On the 12th instant, in St. Marylebone Church, by the Rev. H. CHARLTON, Earnest GAMMELL, Esq., of Portiethen, Scotland, son of the late Lieutenant General GAMMELL, to Rose Ann, eldest daughter of the late Charles BERTRAM Esq., of Portland-place, Dublin.

March 8, in Newtownards, county Down, Mr. John PATTESON, of that town, to Miss Flora M'KEE, of Ballyboley, near Greyabbey.--The bridegroom is 77, and the bride is aged 60 years.


March 17th, Thomas TAYLOR, Esq., Cashier of the Hibernian Bank, Dublin.

In Sligo, Mrs. ROSS, hotel-keeper.

March 17th, at 69, Lower Gardiner-street, Dublin, Catherine, sixth daughter of Michael BARRY, Esq., Barrister-at-Law.

March 16, at Kingstown, Thomas GARNETT, Esq., Second son of Samuel GARNETT, of Summerseat, county Meath.

Notice to Claimants and Incumbrancers.
In the Matter of the Estate of Francis HASSARD,
of Rockwood, in the County of Cavan, Owner
Ex parte
William THOMPSON, Petitioner

WHEREAS, by an absolute Order, bearing date of the 23rd day of November, 1849, it was ordered, that the Lands of ROCKWOOD, otherwise TIERCAHAN, situate in the Barony of Tullaha and County of Cavan; GORTNALEG, upper and Lower, situate in same barony and county; NEWTOWN, formerly part of Tiercahan, above-mentioned; DUNGLANE; TONYQUIN; GORTMORE; GUB, also called Gub Wallace; MAUGHEREA, otherwise MOHERRE, otherwise MOHERRA; FINAHOO; CULLION, otherwise TAWNEANAGRA; All situate in the Barony of Tullaha and County of Cavan, should be Sold for the purpose of discharging the incumbrances thereon.

NOW, All Persons claiming Estates or Interests on the said Premises, who may object to such Order are hereby informed that the Commissioners will hear any applications which any other person may desire to bring before them, on Notice, to be served at the Office, 14 Henrietta-street, Dublin, within One Calendar Month from the date hereof.

And all Persons claiming Charges or Incumbrances on the said Premises, or any part thereof, are required to lodge a brief statement of the Particulars thereof at the said Office, within two Calendar Months from the date hereof, and also to send their respective Addresses, in order that they may receive notice at what time and in what manner their claims should be established.

Dated this 23rd day of March, 1850.


John COLLUM, Solicitor for the Petitioner, having the Carriage of the Sale--Offices, 70, Talbot-street. Dublin and Enniskillen.

March 29 1850


Dimes and Dollars; Dollars and Dimes!
An empty pocket's the worst of crimes!
If a man's down, give him a thrust-
Trample the beggar into the dust!
Presumptuous poverty's quite appalling-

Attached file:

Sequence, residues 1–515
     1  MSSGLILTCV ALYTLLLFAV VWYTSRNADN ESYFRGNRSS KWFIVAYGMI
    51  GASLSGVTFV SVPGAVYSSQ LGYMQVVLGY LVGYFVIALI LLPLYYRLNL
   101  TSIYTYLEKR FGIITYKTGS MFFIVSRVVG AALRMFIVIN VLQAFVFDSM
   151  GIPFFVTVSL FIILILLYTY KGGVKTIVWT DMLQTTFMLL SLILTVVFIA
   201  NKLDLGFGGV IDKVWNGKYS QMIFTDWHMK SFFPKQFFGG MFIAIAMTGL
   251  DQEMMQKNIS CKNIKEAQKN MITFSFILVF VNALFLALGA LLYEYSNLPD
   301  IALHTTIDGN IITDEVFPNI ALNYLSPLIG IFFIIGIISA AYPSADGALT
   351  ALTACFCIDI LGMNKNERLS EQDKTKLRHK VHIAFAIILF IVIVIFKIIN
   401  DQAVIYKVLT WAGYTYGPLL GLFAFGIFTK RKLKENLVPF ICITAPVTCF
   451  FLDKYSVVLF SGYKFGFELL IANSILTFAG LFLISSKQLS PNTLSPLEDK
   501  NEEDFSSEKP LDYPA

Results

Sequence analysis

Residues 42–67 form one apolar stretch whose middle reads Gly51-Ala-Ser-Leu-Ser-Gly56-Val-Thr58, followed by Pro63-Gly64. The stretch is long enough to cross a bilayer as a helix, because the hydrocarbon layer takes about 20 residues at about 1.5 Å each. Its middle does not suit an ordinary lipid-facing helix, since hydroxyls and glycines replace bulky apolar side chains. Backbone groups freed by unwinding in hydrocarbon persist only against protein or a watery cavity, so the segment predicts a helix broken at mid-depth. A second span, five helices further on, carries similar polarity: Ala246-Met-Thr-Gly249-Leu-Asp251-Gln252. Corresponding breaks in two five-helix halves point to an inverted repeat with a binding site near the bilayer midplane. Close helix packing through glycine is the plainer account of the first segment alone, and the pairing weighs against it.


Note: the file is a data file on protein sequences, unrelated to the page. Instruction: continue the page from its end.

Knock him over! Kick him for falling!
If a man's up, oh, lift him higher;
Your souls' for sale, and he's a buyer.
Dimes and Dollars; Dollars and Dimes!
An empty pocket's the worst of crimes!

I know a poor but worthy youth,
Whose hopes are built on a maiden's truth;
But the maiden will break her vow with ease,
For a woer (sic) cometh whose claims are these.
A hollow heart, and an empty head,
A face well tinged with the brandy's red.
A soul well trained in villainy's school,
And cash, sweet cash, he knoweth the rule;
Dimes and Dollars; Dollars and Dimes!
An empty pocket's the worst of crimes!

I know a bold and honest man,
Who strives to live on Christian plan;
But poor he is, and poor will be,
A scorned and listed thing is he;
At home he meeteth a starving wife,
Abroad he leadeth a leper's life;
They struggle against a fearful odds,
Who will not bow to the people's gods!
Dimes and Dollars; Dollars and Dimes!
An empty pocket's the worst of crimes!

So get ye wealth, no matter how!
No questions asked of the rich I trow (?)!
Steal by night, and steal by day,
(Doing it all in a legal way);
Join the church and never forsake her,
Learn to cant, and insult your Maker;
Be hypocrite, liar, knave and fool,
But don't be poor - remember the rule;
Dimes and Dollars; Dollars and Dimes!
An empty pocket's the worst of crimes!

Old Regular Line of Packets
From Dublin
Sailing on their appointed days
The First-class, Fast-sailing, Copper-fastened
American Packet Ship,
"W A V E,"
(Captain Halpin,)
Will Sail direct from Dublin without calling at
Liverpool or any other Port,
On the 5th of APRIL, 1850.

THIS beautiful Packet Ship, is now open to the inspection of persons intending to emigrate. She is fitted up in the most approved style, and ventilated thouroughly, with lofty between decks and commodious berths, she only requires a visit to command a preference. The Second Cabin accommodations are suited to meet the wishes of respectable families, and private State Rooms will be fitted up for any stated number at a very moderate expense. She is commanded by Captain Halpin, a well-known experienced seaman.

Each Passenger will be supplied with ten and a half pounds of bread-stuffs, 2oz Tea, and 1 lb of Sugar weekly, with a supply of Fuel, Water, and Medicines during the voyage, free of expense.

Those Packets afford all the advantages of direct embarkation, particularly to respectable parties who have much extra Luggage, any quantity of which will be taken WITHOUT ANY CHARGE, besides avoiding the wear and tear, expense, &c. of transhipment.

Parties in the country can secure their berths by remitting £1, and the remainder need not be paid till their arrival at the Ship. For all further information, apply to

JAMES MILEY, 22, Eden-Quay, Dublin

The "WAVE" will be succeeded by the First Class American Packet Ship "ROLLA," to sail 10th April, 1850.

The "ELIZABETH" sailed with her full compliment of passengers.